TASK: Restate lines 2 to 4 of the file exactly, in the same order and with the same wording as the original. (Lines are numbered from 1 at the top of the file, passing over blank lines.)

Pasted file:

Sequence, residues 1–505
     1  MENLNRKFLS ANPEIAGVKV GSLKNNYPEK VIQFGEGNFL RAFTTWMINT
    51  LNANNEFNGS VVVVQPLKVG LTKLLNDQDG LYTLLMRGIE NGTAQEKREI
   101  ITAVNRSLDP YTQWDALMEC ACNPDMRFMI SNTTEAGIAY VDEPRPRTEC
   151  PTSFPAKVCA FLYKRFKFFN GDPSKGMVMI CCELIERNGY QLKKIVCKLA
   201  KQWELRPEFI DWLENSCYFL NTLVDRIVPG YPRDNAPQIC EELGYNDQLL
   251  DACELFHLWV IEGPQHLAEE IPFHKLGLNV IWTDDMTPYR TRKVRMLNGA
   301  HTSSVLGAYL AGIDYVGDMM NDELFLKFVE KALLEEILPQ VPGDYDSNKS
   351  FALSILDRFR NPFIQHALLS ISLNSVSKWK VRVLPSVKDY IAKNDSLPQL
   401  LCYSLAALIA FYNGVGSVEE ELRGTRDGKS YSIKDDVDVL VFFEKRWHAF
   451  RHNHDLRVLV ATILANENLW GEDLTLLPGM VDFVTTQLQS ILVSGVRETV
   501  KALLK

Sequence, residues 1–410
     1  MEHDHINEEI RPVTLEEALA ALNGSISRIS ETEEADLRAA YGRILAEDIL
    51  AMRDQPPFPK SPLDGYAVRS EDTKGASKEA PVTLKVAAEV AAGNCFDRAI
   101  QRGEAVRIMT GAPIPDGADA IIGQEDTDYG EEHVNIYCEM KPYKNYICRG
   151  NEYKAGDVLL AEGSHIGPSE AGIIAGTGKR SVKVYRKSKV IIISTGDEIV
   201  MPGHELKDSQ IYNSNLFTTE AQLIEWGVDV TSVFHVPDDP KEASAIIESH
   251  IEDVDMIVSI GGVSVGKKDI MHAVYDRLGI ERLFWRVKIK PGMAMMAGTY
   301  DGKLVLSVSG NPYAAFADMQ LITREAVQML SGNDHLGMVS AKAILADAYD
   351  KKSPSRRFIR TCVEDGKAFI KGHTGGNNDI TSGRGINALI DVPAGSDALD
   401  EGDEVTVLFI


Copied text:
     1  MENLNRKFLS ANPEIAGVKV GSLKNNYPEK VIQFGEGNFL RAFTTWMINT
    51  LNANNEFNGS VVVVQPLKVG LTKLLNDQDG LYTLLMRGIE NGTAQEKREI
   101  ITAVNRSLDP YTQWDALMEC ACNPDMRFMI SNTTEAGIAY VDEPRPRTEC